What is Electrification? Definition and Examples

There are countless devices and processes that use electricity in the world today. That number continues to grow in a process called electrification. Resources for the Future define electrification as “the process of replacing technologies that use fossil fuels (coal, oil and natural gas) with technologies that use electricity as a source of energy”. Paired with this, electrification is a growing demand for renewable energy. Both of these elements are helping to make a sustainable future realisable.

Examples of Electrification


There are examples of electrification happening all around the world. One of the most obvious is electric vehicles (EVs). For the whole of 2012, manufacturers sold 130,000 EVs worldwide. In under a decade, that number has jumped to 6.6 million. This is what electrification looks like. It’s happening all over the world as cars, buses and trucks switch to electricity.

Building Electrification

But it isn’t only vehicles. Our homes and offices are changing too. Many of them use greenhouse gases to control the temperature. Take heat pumps for example. They use electricity to capture heat during winter and remove it when it’s hot. They offer a dual purpose and minimise the number of devices needed. While they do this, they increase the demand for electricity from our energy system.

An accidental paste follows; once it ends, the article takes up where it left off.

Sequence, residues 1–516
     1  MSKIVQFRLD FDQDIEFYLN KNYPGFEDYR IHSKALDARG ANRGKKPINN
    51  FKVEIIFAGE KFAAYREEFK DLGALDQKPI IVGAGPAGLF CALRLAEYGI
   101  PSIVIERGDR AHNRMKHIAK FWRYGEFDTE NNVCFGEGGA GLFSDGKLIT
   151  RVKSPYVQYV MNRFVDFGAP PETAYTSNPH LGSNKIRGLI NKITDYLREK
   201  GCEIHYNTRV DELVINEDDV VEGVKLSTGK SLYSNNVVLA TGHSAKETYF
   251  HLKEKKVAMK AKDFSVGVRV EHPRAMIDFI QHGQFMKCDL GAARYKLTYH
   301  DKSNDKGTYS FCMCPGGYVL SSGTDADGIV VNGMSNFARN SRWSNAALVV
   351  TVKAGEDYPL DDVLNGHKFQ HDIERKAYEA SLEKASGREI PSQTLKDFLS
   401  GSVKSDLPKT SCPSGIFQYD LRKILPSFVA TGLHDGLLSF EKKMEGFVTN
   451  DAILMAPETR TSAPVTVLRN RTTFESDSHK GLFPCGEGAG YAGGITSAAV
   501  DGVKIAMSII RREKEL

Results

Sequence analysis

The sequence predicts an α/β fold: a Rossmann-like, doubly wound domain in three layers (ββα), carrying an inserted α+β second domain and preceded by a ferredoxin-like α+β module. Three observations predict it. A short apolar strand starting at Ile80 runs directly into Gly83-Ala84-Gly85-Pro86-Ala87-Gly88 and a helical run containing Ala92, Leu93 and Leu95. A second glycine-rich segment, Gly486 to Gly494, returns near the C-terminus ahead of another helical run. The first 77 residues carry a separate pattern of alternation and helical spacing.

Home Appliances and Devices

Within these homes and offices are appliances that now use electricity to run. Devices like stoves and cook tops are switching from gas to electricity. Alongside them are our lights, fridges, computers and phones. Altogether, they make our homes huge consumers of electricity.

Why Electrification is Important

Electrification changes everything about the way we live. It also gives us a chance to decarbonise our economy. This can help us reduce the impact of climate change.  As more systems switch to electricity, we reduce our reliance on fossil fuels. This gives us greater opportunity to find alternative energy sources through renewables.  Both of these changes impact our energy systems. Electrification requires us to produce more electricity, while the switch to renewable energy makes it difficult to distribute that energy. Thankfully, we have solutions to both these issues.

The increase in electric devices means we need a new way to manage energy consumption and distribution. Demand response can help with both of these problems. By changing the energy consumption of all these different systems and devices, demand response helps to keep supply and demand of electricity in balance. Not only does this help with the boom in electrification we’re seeing, it helps the transition towards renewable energy. This makes demand response critical to the shift to a sustainable energy system. 

To learn more about how demand response works, click here.


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